The Perfect Bryce Harper-Mike Trout Storm Happened and No One Noticed


Of all the ideas to improve baseball and bring it to a place where it can overcome the massive generational shifts impacting the entire sporting universe, one of the most common is that the game needs to develop a “Face of Baseball,” a young and marketable superstar capable of drawing in casual observers. The hill is so packed with those wishing to die on it that grave sites are going at a high premium. The argument is so ubiquitous that it’s rapidly becoming easily tuned-out background noise.

Some who push it have their hearts in the right place and care deeply about the future of baseball because it means something to them. Others only know how to engage by suggesting rule changes, complaining about unwritten rules without digging deeper into their role, or comparing it to another sport.

This is not to say there’s not some merit.

But considering the relative silence following last night’s’ Bryce HarperMike Trout clash in Los Angeles, I’m left wondering what exactly has to happen in order for the immediate impact of these players trusted to preserve relevance to be felt. What will it feel like? If the two biggest players in baseball can go mano a mano with home runs in a rare interleague matchup and few notice, does that needle of interest make a noise? Does it move at all?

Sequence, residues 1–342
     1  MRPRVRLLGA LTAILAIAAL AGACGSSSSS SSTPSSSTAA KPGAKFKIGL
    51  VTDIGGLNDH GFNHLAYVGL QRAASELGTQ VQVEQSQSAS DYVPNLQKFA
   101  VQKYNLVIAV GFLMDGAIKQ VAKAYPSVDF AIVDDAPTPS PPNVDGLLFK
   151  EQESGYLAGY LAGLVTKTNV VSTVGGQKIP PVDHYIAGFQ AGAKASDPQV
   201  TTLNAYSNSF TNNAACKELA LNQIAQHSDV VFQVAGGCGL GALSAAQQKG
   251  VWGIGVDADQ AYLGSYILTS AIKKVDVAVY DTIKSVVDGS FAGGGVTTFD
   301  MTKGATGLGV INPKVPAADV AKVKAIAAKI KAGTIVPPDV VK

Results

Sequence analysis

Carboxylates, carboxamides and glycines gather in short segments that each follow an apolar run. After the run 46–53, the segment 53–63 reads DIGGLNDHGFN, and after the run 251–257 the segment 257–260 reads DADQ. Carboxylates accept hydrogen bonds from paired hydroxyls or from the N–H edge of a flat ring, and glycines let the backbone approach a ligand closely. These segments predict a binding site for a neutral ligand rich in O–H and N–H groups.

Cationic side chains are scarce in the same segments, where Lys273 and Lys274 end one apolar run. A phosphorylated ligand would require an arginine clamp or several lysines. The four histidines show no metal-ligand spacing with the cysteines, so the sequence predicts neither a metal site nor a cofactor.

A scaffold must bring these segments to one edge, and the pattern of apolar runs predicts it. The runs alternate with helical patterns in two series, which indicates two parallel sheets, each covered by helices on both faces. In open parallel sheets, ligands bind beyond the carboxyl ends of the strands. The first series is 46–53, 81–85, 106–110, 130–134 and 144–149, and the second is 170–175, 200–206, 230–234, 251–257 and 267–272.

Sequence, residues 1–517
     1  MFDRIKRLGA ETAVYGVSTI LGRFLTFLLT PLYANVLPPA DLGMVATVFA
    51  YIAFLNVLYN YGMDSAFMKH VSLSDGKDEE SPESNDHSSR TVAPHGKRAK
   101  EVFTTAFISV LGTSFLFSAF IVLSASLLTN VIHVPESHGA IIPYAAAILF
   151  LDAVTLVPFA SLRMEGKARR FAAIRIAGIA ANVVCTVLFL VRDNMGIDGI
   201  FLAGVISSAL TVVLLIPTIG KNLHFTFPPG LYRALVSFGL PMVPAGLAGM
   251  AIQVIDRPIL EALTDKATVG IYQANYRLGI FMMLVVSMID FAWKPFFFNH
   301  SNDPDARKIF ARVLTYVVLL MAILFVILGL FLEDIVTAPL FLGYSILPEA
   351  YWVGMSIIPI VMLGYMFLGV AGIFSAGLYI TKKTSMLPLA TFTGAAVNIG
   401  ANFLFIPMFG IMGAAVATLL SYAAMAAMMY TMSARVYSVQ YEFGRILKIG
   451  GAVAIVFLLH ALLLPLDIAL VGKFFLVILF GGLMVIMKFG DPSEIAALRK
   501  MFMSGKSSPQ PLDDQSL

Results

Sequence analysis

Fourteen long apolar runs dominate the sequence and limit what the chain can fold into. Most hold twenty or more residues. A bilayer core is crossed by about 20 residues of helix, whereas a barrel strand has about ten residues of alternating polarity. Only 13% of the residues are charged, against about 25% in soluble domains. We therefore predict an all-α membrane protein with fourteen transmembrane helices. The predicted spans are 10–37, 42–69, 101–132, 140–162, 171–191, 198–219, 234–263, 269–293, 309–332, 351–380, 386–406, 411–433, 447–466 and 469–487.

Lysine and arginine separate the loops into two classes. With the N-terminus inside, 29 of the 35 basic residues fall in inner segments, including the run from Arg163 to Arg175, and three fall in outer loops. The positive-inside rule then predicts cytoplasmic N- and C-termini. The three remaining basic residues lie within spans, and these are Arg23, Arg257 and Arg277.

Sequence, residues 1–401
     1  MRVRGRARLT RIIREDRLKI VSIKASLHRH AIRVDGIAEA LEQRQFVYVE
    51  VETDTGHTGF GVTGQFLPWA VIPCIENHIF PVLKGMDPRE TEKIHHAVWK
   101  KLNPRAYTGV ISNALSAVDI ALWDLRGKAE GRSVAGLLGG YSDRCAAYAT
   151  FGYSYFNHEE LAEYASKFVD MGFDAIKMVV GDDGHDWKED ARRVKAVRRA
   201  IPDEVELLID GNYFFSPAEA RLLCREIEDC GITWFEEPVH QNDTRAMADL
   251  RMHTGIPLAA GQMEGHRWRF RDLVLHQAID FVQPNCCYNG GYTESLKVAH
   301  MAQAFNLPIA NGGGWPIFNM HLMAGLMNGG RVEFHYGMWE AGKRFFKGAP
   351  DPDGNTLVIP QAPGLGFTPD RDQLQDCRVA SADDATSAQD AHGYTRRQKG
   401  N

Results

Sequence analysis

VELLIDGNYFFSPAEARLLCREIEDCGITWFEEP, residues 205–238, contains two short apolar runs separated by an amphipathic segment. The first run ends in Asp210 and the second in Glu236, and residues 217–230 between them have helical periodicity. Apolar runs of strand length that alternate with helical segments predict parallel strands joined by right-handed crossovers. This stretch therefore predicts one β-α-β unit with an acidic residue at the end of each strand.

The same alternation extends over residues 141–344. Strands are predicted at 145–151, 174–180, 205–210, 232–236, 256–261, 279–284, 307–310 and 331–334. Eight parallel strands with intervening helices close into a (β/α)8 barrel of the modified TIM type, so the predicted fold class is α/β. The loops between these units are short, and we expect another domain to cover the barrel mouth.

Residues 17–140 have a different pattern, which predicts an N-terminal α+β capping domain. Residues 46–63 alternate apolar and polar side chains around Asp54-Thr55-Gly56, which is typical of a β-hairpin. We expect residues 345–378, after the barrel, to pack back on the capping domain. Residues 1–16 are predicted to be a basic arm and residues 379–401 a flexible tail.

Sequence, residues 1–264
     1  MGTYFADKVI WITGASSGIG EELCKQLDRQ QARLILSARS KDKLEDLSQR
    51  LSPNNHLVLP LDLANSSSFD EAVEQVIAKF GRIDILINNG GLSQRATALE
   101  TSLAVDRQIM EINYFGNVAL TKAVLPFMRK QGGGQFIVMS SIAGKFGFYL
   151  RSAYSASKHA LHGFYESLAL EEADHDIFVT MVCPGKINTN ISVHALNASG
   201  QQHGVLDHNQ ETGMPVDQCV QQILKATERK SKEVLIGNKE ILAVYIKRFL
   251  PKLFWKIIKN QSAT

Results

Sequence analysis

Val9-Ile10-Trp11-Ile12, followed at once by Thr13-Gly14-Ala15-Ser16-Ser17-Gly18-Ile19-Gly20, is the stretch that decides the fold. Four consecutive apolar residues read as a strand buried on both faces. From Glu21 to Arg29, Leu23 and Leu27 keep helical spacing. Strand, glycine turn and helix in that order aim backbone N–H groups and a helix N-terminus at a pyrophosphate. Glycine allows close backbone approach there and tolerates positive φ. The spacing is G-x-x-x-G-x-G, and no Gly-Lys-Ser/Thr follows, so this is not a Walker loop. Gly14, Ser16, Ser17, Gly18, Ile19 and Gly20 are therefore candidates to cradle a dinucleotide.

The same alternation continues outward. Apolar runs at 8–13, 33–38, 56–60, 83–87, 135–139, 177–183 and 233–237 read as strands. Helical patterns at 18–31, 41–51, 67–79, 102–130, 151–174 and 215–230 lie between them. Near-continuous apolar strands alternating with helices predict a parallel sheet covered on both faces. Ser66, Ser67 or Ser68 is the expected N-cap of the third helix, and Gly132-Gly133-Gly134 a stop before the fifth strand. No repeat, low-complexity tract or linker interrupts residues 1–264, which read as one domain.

Obviously, the fact that the Harper — Trout battle played out on the West Coast on a weeknight in the middle of the regular season means it was fighting an uphill battle. At the same time, this was only the second time they’d shared a field outside of an All-Star Game. Harper’s Washington Nationals are in a pennant chase. Trout’s Angels are still within striking distance of the wildcard and he’s only recently returned from an injury.

This could be going too far, but the lack of buzz following a game in which the sport’s best showed why they are the biggest stars within minutes of each other is a signal that starting a ratings fire will take much more than simply banging two mighty sticks together.

Again, I’m applying a macro meaning to a micro event and fully understand the uphill battle this event was climbing. And I realize that my assumption that it didn’t rate is more feeling-based than fact-based, at least for now. But that’s why my question — the biggest one — is what those pushing the “just need a face” crowd think it will feel like when the groundswell of interest begins. It seems as if the perfect storm testing this thesis came to fruition last night, with minimal impact on the ecosystem.